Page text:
Hands on with Propellerhead's Reason 6 and Balance interface
I've always been curious about Propellerhead's Reason software, but since I'm not really an electronic music-making enthusiast, and the fact that up until more recently Reason had no audio recording capabilities, I've always turned to other recording platforms for my music-making needs, that is until now!
For those of you that don't know, Reason is a virtual studio rack for your Mac. It even looks like a rack filled with loads of fantastic studio equipment. It has all the tools required to produce music: compressors, reverbs, synths, delays, a whole bunch of instruments...the list goes on. Previously, though, you'd have to connect this virtual rack with a DAW (a digital audio workstation like Pro Tools, Logic, Reeper or even Propellerhead's own DAW, Record) in order to actually record something through it or capture something produced form it. However, with the latest version of Reason, Record (with all the fine features you've come to expect from a DAW) has been totally integrated into Reason. With Reason 6, Reason and Record are now one, and all the better for it.
To top that off, and really hit home the fact that Propellerhead is taking audio recording very seriously. It's produced its own audio interface hardware, too -- Balance. With Reason 6 and Balance, Propellerhead provides everything the home recording enthusiast needs.
Balance is a high quality 2-in by 2-out audio interface, meaning you can record up to two sources of audio at a time. This may appear meagre, but for the average home recorder, you're not going to be recording more than two sources of audio at a time -- say a guitar and a vocal. However, you are going to add other instruments to your track by layering recordings on top of each other. Maybe add some piano and some percussion? Balance has two XLR microphone inputs (with 48V phantom power), two 1/4" guitar inputs with padding and four 1/4" balanced line inputs (two stereo pairs). This means you can have up to 8 audio sources plugged in, setup and ready to go without having to fiddle around with cables and wires while you're in the creative zone.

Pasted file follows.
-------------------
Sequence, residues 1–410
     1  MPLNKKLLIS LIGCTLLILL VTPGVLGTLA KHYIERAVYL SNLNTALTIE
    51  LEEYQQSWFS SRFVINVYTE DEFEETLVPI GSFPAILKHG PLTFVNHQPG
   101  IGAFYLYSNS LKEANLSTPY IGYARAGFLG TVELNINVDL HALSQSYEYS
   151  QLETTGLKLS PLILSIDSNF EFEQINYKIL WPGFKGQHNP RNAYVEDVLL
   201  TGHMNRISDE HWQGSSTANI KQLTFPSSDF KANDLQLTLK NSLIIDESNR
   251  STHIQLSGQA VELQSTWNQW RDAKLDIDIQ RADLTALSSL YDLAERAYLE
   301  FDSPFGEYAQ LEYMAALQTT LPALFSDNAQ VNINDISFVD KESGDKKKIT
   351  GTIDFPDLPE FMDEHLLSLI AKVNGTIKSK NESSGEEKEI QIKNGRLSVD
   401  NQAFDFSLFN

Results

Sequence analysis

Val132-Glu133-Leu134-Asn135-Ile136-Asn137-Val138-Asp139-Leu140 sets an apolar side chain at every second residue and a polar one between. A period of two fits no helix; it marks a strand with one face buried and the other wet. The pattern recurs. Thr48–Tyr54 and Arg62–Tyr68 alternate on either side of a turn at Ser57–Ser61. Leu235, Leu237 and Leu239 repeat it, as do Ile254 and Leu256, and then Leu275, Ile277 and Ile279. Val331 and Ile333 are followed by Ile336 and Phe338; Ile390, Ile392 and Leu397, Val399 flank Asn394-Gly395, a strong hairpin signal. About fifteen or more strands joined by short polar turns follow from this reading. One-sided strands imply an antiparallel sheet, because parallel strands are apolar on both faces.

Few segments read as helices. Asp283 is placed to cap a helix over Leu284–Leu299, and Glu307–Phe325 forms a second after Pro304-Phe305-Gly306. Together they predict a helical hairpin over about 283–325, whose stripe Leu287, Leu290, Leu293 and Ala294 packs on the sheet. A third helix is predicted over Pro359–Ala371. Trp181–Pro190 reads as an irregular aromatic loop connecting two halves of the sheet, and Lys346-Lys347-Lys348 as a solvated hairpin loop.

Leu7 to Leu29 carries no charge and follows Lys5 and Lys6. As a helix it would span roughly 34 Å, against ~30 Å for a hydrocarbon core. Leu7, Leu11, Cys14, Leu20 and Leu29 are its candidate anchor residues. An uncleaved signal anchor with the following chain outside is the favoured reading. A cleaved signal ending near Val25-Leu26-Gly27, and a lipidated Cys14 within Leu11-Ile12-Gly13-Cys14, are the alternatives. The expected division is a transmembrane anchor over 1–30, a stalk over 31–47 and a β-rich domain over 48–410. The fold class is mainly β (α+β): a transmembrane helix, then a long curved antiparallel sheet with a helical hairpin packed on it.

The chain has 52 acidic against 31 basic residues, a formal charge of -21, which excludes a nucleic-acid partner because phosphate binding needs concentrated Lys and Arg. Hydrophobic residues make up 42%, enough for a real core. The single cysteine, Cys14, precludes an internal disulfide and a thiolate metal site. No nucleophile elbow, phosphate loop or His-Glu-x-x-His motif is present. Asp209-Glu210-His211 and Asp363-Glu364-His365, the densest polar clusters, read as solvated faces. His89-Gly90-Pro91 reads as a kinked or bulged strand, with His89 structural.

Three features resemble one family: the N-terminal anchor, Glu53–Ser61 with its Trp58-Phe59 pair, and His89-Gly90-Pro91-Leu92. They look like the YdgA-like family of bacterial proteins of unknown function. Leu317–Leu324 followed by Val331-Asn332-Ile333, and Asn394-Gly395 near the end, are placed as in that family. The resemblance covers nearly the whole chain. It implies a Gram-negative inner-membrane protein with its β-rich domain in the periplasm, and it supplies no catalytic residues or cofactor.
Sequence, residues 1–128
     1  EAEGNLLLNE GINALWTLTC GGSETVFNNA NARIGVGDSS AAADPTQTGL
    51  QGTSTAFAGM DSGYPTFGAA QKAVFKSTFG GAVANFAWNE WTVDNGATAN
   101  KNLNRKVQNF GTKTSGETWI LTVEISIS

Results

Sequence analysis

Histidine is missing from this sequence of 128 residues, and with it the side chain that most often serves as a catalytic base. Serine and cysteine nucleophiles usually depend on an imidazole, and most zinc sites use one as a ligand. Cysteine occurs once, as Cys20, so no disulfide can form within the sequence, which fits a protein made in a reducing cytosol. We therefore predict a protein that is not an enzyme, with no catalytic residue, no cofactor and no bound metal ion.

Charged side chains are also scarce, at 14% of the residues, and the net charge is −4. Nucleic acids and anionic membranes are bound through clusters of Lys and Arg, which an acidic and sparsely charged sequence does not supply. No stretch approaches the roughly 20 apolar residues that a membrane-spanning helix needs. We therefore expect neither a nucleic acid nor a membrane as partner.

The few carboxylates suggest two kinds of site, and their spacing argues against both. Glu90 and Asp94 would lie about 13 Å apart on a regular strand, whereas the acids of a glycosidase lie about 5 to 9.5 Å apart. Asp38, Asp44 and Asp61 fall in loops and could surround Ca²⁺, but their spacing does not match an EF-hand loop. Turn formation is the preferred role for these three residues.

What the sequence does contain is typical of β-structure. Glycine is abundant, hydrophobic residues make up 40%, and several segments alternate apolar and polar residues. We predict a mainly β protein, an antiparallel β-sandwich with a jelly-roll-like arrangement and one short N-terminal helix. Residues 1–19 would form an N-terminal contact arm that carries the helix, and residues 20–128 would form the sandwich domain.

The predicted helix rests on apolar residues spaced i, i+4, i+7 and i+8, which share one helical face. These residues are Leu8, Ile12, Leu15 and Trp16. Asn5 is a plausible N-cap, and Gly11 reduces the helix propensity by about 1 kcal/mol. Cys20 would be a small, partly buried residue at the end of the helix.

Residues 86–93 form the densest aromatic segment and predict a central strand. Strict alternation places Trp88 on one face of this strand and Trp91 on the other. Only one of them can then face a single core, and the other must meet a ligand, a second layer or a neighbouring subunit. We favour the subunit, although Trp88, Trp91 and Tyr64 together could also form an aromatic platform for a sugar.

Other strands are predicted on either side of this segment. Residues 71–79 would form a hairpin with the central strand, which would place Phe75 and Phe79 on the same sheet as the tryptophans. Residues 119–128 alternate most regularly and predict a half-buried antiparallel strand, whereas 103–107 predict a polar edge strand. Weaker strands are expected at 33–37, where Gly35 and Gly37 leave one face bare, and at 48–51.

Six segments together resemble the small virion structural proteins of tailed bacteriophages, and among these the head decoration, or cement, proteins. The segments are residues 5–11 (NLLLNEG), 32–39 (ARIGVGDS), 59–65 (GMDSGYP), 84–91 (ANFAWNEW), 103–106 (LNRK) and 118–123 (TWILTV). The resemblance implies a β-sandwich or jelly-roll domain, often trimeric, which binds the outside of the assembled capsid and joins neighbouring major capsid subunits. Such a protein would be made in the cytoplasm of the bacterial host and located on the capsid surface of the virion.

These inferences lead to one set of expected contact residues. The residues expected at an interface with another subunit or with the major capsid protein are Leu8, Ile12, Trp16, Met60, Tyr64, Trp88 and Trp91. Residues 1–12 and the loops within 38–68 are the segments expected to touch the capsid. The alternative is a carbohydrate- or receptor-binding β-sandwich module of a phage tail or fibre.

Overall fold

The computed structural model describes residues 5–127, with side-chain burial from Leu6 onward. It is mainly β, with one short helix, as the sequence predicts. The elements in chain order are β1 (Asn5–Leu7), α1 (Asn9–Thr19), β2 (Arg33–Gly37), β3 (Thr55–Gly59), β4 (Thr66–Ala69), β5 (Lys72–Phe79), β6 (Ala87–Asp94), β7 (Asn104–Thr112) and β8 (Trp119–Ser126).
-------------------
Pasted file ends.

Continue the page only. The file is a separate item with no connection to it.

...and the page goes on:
Another unique feature of Balance is Clip Safe. How often have you recorded the perfect take only to discover that it clipped because the level was (unexpectedly!) too hot? Clip Safe automatically does a backup recording of your take at a lower level, allowing you to go back and readjust the input level of your take after you've recorded it.
Are Balance and Reason 6 as good as they, uh... sound? Propellerhead sent TUAW a review unit of Reason 6 and Balance so I could find out.
Physically, the Balance unit is very appealing. It's all black and with a soft rubber feel, but the unit itself feels rock solid. Unlike many smaller audio interfaces, all the controls, dials and lights are raised towards you for easy visibility and access. The two most important dials, the main output level and the headphone level, are the biggest, making them easy to find and use. The other two smaller dials are the gain levels for the two inputs. For a novice user it couldn't be simpler. Hit the source selector for the input you want, adjust the input gain level, adjust the main out level and you're on your way. All the source inputs and the audio outs are neatly arranged on the back of the unit. There are no breakout cables, covers or flaps, the design is clean, simple and clear. And, of course, the audio? The pre-amps sound fantastic, especially for the price point.
It's also worth noting that the Balance interface is not tied to Reason. The interface is Core Audio compatible and will work with the DAW of your choice, though the Clip Safe feature is a Reason exclusive. Being Core Audio compatible (like just about every other audio interface for the Mac), Balance works straight away with your Mac. Run the Reason installer disc, plug it in via the provided USB cable and you're on your way.
As for Reason 6, well... I have no real previous experience with Reason (and bearing in mind that approaching any DAW for the first time can be a bit of a learning curve), I was quickly up and running recording tracks and engaging with the huge array of instruments and gear in no time. It's clear there's a vast depth to Reason 6. And while it may take a bit of time learning how to get there, the new user can happily get along simply skimming the surface, while the more advanced user will find all the power, flexibility and detail they'd expect from any other DAW.
Like Balance, Reason 6 feels clean, clear and polished. It's designed to get out of the way so you can get on with making music. It is extremely stable, too. Which brings me to my last point, Reason is a locked environment, you can't use any third party plug-ins with it. Some may see that as a deal breaker. However, there are a plethora of Reason ReFills -- additional Propellerhead approved, high-quality instruments and sounds for expanding on Reason. Seriously, I'd say you can get just about everything your home studio will need in the Propellerhead universe. In part, Reason's exclusivity is probably what makes it so sturdy.
To find out more about what Reason 6 and Balance has to offer, check out the Propellerhead website here. I also recently had an interview with UK singer-songwriter Olivia Broadfield, who is an exclusive Reason user. You can read the interview here.
Balance comes bundled with Reason Essentials and is available for around US$500.
Finally, until the end of January, TUAW is a hosting a competition with Propellerhead, SoundCloud and Olivia Broadfield, giving you the chance to win a copy of Reason 6, a Balance interface, a SoundCloud premium subscription as well as some TUAW goodies. Check out further details here.
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